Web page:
ArtSites Updates

(posted on 5 Apr 2013)

More Art Scam Information
More Art Scams

This week, we received another email from ArtSites artist, Jodie Blaney, about a recent art scam she almost fell victim to.

Here's how the scam works...

  • An artist will be sent an inquiry about specific art pieces through their art website. The email will look like it's been sent from a local buyer.
  • Next, the supposed buyer will say that they are refurnishing their home and would it be alright if their interior designer (or a local mover) comes by the artist's home when they're in the area to pick up the pieces on their behalf.
  • Next, the artist is assured that a cheque will be sent in advance before the designer arrives to pick up. (Sounds good so far, right?)
  • Next, the buyer couriers a cheque for too much money, typically an over payment of about $1,000. The artist is encouraged to cash (pressured by email) the cheque because the designer needs to pick up the art in the next 2 days.
  • However, the CHEQUE IS FAKE! But before the artist can realize this, the buyer says the over payment is because the extra cost is to pay the designer on their behalf....

So, if the artist hasn't caught on yet, they end up losing their artwork AND paying a personal cheque to the pick-up person.

Finally, Jodie was advised by the Canadian Anti-Fraud Agency to return the cheque to the sender and inform the buyer that the pieces are NOT available.

It's important to send by ExpressPost (or registered mail) so that a trace of delivery and proof of return can be made in case of future problems.

Many, many thanks, Jodie, for bringing this to our attention and for outlining what you encountered!

Your "Red Flag" should be when you see a "good as cash" cheque, that is over-payment for the artwork. The extra amount usually needs to be paid back in some untraceable form to someone untraceable.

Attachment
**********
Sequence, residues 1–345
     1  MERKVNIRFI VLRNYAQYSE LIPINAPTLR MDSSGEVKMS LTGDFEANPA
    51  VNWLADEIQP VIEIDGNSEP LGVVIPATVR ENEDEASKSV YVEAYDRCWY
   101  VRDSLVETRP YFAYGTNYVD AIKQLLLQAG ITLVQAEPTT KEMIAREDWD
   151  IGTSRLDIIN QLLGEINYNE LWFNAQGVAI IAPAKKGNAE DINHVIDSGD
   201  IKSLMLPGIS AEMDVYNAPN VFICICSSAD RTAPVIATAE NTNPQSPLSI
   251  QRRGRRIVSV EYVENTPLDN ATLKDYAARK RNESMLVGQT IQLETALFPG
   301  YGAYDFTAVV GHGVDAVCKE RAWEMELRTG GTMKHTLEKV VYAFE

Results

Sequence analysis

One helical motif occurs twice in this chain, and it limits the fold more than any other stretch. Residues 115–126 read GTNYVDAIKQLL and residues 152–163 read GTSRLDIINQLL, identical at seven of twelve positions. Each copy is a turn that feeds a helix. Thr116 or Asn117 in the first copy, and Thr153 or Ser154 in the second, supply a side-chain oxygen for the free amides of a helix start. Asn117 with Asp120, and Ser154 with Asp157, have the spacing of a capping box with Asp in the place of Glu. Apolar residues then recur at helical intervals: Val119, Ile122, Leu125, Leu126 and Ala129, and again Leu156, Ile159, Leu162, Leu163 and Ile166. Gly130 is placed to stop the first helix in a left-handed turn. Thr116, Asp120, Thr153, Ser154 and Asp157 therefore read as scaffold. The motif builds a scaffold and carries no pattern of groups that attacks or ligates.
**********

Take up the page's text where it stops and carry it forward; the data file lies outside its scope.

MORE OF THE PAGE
In all cases we've seen, there were multiple pieces of artwork involved and the scam is helped by the fact that you're usually WOWed by having the chance to sell several items all at once.

Here are a few more links and resources from our previous posts about Art Scams:


  • Don't accept cheques from people you've never met.
    (It may not even be a good idea to accept one from a local person that you HAVE met.)
  • Do your transactions via PayPal. If the buyer is not willing to do that, then they are likely a scammer.
  • There are some risks in using PayPal, as well, but PayPal does have some of the best fraud protection in the world and they pick up on bad credit cards pretty quickly.
  • Delay delivery of your artwork until you can make sure that a payment cannot be reversed or a cheque has not bounced.
  • Use an Escrow service like, which will make sure the transaction happens. Again, if the buyer is not willing to do this, they are likely a scammer.
  • Do your research whenever someone you DON'T know inquires about buying a piece. It could save you lots of time, money, and artwork!